Physiological performance by growth rate, pigment and protein content of the brown seaweed Sargassum filipendula (Ochrophyta: Fucales) induced by moderate UV radiation exposure in the laboratory
Luz K. Polo, Fungyi Chow

UV radiation is a factor affecting the distribution and physiology of photosynthetic organisms in an aquatic ecosystem. Studies with macroalgae indicate diverse biological disturbances in response to UV radiation. This work aimed to study sensitivity of the brown macroalga Sargassum filipendula exposed to UV radiation: PAR (control), PAR+UVA+UVB(++) and PAR+UVA(++)+UVB. Changes in the physiological parameters growth rate, total soluble proteins, photosynthetic pigments and the UV-vis absorbing compounds were analysed after T0, T4, T7 and T10 (days) of UV exposure. Physiological parameters showed little variation between treatments and over time, suggesting that moderate UV radiation doses could regulate resistance responses to re-establish the cellular homoeostasis condition through activation of an antioxidant defence system, such as an overproduction of phenolic compounds. Responses recorded in S. filipendula would be related to acclimation mechanisms against acute UV radiation stress, triggering resistance responses to avoid serious damage to the metabolic machinery, activating control systems to maintain hormesis, and homoeostasis of deleterious actions of reactive species, similar to the phenomenon known as preparation for oxidative stress. Finally, UV-visible absorption spectra showed absorption bands evidencing the presence of mainly UV-absorbing compounds with photoprotective function, such as phlorotannins, flavonoids and carotenoids, which could provide adaptive advantages for organisms exposed to UV radiation.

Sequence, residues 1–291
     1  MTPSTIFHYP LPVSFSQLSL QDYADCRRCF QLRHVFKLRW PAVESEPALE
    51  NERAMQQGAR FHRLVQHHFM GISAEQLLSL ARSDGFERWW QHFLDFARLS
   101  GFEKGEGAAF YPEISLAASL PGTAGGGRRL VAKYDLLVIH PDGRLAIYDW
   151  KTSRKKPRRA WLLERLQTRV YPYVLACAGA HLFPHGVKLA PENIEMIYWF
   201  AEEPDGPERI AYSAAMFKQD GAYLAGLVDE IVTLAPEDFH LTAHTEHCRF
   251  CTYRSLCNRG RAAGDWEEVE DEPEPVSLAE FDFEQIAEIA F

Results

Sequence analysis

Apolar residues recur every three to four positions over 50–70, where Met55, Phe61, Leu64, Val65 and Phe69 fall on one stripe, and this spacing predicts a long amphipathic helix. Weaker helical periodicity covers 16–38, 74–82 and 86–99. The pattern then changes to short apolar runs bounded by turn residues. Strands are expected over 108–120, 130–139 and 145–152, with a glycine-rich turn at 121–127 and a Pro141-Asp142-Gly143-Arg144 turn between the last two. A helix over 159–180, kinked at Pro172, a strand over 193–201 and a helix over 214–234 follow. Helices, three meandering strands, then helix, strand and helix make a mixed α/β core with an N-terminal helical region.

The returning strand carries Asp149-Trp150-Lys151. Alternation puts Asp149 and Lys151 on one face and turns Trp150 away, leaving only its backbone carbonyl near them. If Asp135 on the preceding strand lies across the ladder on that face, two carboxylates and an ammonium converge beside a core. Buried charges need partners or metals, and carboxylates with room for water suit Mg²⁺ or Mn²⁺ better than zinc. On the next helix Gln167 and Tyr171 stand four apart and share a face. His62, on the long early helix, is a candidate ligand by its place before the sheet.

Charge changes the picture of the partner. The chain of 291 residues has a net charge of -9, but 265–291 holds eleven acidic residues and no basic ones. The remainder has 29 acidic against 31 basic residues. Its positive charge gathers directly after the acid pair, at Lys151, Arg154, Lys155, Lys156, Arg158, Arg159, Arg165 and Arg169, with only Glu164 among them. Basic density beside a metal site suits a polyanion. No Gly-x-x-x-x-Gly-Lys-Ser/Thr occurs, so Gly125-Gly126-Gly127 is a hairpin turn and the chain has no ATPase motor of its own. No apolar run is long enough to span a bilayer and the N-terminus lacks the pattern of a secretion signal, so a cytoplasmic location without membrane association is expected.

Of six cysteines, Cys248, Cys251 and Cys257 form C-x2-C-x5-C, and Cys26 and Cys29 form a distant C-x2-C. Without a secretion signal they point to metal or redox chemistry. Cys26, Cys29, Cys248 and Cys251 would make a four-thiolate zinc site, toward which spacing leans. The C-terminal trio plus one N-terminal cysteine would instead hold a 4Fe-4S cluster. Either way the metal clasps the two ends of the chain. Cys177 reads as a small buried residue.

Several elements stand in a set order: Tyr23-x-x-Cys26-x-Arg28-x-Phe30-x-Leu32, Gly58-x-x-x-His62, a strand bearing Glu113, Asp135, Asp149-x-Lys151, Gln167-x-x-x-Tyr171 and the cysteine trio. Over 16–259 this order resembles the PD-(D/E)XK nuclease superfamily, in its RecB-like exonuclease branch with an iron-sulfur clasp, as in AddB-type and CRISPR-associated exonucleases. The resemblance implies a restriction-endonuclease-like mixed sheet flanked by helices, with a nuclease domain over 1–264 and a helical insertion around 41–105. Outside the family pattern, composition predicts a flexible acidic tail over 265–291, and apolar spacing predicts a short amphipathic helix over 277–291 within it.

Keywords: algae; growth rate; photosynthetic pigments; proteins; ultraviolet radiation; UV-absorbing compounds.
Contents of this volume Sci. Mar. 84(1) : 59-70 Back PDF
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